Fighting wildfires is a greater test of endurance as warm weather lingers

By Ann Cameron Siegal
The Washington Post
November 20, 2017
Category: Forestry
Region: United States, US West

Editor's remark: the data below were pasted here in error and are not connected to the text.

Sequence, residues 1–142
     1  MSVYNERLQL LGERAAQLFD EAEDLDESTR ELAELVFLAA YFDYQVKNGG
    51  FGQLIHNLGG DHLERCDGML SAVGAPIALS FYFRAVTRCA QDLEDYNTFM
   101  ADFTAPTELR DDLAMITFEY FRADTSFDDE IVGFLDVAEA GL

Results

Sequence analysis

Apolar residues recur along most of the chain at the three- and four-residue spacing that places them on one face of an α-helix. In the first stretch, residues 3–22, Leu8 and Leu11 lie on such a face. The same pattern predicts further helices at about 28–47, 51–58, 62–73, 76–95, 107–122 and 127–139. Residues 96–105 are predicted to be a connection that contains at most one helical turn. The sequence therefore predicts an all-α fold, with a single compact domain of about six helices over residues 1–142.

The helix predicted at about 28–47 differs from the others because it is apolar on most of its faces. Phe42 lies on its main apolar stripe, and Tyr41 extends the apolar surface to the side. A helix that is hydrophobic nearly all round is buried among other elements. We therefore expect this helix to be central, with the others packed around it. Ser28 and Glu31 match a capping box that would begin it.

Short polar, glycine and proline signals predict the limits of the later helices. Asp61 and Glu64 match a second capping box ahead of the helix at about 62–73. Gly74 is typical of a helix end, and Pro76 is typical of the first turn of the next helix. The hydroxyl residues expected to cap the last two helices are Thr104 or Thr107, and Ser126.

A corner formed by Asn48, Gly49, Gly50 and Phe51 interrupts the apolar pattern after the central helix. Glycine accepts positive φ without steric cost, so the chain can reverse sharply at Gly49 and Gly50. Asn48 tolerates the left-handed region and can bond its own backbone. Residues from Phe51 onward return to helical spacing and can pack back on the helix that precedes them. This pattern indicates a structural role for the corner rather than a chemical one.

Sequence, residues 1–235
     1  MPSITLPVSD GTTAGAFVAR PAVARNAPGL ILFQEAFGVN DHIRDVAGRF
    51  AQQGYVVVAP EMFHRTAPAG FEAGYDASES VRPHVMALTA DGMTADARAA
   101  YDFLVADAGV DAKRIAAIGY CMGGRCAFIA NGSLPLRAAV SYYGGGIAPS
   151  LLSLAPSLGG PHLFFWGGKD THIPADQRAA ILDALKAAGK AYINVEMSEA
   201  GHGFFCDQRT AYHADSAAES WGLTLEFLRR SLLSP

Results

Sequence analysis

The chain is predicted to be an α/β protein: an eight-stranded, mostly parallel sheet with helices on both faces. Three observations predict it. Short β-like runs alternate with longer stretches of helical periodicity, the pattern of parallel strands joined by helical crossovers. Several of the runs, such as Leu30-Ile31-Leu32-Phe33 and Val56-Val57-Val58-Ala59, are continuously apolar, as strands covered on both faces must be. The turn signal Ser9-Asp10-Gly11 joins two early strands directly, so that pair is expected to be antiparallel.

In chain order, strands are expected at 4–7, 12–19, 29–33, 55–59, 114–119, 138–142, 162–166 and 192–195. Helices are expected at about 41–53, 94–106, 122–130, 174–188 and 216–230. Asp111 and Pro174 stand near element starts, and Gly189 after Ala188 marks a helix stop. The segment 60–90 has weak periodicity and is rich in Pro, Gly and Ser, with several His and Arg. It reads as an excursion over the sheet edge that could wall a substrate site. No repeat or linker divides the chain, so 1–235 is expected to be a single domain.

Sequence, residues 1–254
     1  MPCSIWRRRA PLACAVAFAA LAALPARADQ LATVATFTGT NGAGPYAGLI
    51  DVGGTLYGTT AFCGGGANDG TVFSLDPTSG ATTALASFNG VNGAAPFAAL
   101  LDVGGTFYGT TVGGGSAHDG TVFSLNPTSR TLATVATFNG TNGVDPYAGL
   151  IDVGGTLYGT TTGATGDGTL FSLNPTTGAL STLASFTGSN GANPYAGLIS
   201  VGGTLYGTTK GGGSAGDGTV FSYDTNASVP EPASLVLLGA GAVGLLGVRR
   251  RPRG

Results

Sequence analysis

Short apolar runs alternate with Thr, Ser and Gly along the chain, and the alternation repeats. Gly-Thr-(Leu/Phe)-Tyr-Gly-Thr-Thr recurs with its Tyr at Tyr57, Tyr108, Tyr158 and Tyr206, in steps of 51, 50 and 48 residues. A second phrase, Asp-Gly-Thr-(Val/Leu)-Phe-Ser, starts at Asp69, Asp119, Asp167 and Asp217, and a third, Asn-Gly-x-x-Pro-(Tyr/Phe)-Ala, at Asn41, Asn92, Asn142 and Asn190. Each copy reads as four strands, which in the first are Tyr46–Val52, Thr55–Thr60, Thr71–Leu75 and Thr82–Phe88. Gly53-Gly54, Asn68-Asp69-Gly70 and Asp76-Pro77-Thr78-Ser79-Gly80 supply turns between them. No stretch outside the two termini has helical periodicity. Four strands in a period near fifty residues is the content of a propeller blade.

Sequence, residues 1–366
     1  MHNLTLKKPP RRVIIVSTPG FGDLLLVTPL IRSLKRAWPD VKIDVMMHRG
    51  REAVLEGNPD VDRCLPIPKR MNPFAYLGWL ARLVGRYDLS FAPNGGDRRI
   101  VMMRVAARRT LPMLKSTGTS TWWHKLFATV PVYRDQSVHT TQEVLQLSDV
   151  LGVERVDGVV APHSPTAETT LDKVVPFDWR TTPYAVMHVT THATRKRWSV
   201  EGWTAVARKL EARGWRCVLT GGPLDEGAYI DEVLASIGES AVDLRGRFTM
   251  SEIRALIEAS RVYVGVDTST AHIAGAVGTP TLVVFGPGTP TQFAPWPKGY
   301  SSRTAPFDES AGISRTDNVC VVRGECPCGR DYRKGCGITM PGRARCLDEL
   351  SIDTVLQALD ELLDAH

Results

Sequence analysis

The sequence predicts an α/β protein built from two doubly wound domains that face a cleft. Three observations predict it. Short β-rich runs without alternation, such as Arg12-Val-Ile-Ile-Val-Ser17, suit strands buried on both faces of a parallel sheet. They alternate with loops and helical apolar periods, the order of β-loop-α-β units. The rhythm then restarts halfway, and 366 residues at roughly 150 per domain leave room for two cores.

Since 2015, wildland firefighter and forester ­Patrick Haggerty of Wenatchee, Washington, has taken 900 local middle school students to explore the surrounding mountains, learning about wildfire risks. The Northwest is a fire-prone area, so Haggerty asks the students, “How many of you have ever been evacuated from home because of wildfires?” He always has several from each class raising their hands. During a hike, students view two kinds of forests. One is lush, with abundant trees towering over thriving shrubs and grasses. The other is patchy, with minimal ground vegetation and wide spaces between trees. “Which is healthier?” he asks. Thick greenery usually gets the nod. It’s often the reverse. Why? Consider the “fire triangle” of fuel, oxygen and heat. Remove any one of these, and the fire dies.

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